Perhaps the best example came from FOX News reposting a story from the Associated Press. “Police made a handful of arrests early Tuesday after using tear gas and pepper spray to disperse some Ohio State students and football fans following the Buckeyes’ win.”

In this instance, the attempt to disguise “rioters” was completely masked by referring to the actors as “fans” and “students.” The story continued by saying, “Some officers used pepper spray to clear revelers from the street, while canisters of tear gas were also deployed.”

Sporting events that lead to such mob violence are not unprecedented. In April of 2014 police clashed with students at the University of Kentucky following the school’s NCAA defeat. Fires were set, city property damaged, and as the Daily Mail reported, “One student at the college was pictured being led away with blood streaming down her face after being struck by a liquor bottle thrown with abandon.” In 2011, a riot in Vancouver following the Boston Bruin’s Stanley Cup victory over the Vancouver Canuncks, led to the injury of nearly 140 people.

Also in 2011 Penn State students fought with police, and destroyed property following the firing of head coach Joe Paterno. As one story worded it, “The demonstrators congregated outside Penn State’s administration building before stampeding into the tight grid of downtown streets. They turned their ire on a news van, a symbolic gesture that expressed a view held by many: that the news media had exaggerated Mr. Paterno’s role in the scandal surrounding accusations that a former assistant coach, Jerry Sandusky, sexually assaulted young boys.”

Demonstrators angry at a perceived injustice. Not rioters.

To be fair, sports riots and their news coverage are not always masked in such language. Sometimes reports refer to such actions as “riots”, but the double standard is nonetheless present.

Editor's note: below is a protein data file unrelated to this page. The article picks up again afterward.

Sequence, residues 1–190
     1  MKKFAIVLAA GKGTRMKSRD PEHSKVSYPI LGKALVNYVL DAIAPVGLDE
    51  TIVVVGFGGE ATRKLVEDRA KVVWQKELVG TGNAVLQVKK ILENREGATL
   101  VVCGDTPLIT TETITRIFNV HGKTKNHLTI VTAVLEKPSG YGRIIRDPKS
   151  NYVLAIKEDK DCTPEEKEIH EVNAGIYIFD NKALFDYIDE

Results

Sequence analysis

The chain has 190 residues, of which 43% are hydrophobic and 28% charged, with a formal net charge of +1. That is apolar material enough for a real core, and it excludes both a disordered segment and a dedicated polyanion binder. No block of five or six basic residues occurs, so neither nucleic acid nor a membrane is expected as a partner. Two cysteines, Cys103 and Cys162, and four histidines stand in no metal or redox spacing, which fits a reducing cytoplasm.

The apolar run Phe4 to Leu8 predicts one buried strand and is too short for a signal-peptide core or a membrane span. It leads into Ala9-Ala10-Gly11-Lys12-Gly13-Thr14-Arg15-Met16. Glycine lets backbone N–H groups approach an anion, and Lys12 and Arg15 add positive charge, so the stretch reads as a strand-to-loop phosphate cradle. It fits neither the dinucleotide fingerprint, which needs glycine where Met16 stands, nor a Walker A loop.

A critique of comparing Ferguson to sports riots could include one was a celebration that got out of hand. No one intended for the “revelry” to happen. Also, the “revelry” was motivated by celebration, a feeling of joy, not anger. So the incidents aren’t really all that similar.

This argument, that the “revelry” was unplanned and motivated by “joy,” is perhaps the most sinister argument I have heard on social media when I first pointed out the discrepancies in reporting. Beneath this lame attempt to explain away why our media treats one incident as “rioting” and the other as “revelry” is the assumption that white sports fans are not malicious. This is opposed to their black counterparts who apparently are ready for violence, destruction, and mayhem at a moment’s notice.

Whites get a pass in such situations. They become detached individuals free floating from isolated incident to isolated incident. No need to question the overall social relation the police represent. No need to understand the social mob mentality that leads to a riot after a sporting event. These are just “bad cops” or “revelers” who got out of control. This ability to reason toward an understanding of a social event on an individual basis evaporates when the faces we see in the crowd are overwhelmingly black. When the bodies of the “mob” become African American the language of “reveling” and “celebrators” disappears.

We are left with “rioters” and “criminals,” which is a natural extension of the “thug” discourse that preceded it. By studying sports history, specifically the behavior of fans, historians are given a front seat into the double standards applied to society. The disconnect of a “reveler” and a “rioter” does not arise from the motivation of particular behaviors. It is not the result of the severity of property damage. Instead, it is a circuit of discourse completing its revolution.

Pondering such differences leads to many uncomfortable questions. Perhaps the most pressing is, what do we say about a society more outraged by “rioting” over the murder of unarmed civilians and the failure of our justice system to do anything about it, than “rioting” by sports fans over nothing more than a game designed for amusement? It is a question, regardless of whether or not we are seeing the rebirth of a civil rights movement, historians need to ask.

Wesley R. Bishop is a PhD student at Purdue University. He studies the history of the American labor movement, social reform, and cultural representations of the working class. He can be reached for question, comment, or debate at bishopw@purdue.edu.